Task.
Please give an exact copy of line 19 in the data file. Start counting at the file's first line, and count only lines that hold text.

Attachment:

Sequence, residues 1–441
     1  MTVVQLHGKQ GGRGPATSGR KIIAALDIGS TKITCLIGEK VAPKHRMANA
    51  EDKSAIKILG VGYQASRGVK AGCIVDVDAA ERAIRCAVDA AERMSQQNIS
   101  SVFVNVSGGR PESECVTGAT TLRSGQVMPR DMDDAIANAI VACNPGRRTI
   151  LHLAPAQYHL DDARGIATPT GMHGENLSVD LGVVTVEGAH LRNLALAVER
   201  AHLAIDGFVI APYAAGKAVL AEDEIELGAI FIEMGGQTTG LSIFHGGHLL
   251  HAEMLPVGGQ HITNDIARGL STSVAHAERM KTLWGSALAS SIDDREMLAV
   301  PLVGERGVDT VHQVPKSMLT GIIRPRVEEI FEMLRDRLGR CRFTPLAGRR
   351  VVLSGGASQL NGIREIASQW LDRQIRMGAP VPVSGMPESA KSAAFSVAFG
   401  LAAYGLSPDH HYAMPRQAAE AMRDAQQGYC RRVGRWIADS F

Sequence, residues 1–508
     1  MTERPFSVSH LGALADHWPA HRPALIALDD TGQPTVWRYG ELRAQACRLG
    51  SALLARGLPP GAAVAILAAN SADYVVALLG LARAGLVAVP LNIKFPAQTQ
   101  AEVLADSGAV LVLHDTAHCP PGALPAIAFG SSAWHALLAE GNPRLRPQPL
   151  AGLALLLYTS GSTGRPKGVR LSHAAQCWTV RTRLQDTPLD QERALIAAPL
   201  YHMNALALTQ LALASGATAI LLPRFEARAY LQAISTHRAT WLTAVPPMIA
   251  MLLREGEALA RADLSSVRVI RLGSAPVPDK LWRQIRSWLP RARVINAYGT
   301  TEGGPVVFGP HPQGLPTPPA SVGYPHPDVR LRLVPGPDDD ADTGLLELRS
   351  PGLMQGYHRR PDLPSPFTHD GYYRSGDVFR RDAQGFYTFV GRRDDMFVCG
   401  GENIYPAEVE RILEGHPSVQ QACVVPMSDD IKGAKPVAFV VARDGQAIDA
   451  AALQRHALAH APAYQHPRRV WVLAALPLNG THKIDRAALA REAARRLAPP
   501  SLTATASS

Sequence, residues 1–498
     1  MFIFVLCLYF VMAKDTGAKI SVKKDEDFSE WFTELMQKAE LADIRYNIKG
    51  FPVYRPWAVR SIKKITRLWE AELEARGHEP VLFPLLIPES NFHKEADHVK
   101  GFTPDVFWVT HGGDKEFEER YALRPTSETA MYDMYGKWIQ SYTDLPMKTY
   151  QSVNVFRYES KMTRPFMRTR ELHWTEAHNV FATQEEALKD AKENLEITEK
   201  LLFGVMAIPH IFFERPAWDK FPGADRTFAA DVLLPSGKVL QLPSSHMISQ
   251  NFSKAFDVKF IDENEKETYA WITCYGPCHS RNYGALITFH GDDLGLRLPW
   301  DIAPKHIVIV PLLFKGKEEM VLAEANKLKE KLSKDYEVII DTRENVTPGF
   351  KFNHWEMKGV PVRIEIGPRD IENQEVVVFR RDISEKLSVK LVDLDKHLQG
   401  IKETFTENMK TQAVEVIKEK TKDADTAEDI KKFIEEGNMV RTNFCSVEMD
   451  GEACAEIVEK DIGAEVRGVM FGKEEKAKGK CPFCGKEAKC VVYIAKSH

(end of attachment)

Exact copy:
   351  PGLMQGYHRR PDLPSPFTHD GYYRSGDVFR RDAQGFYTFV GRRDDMFVCG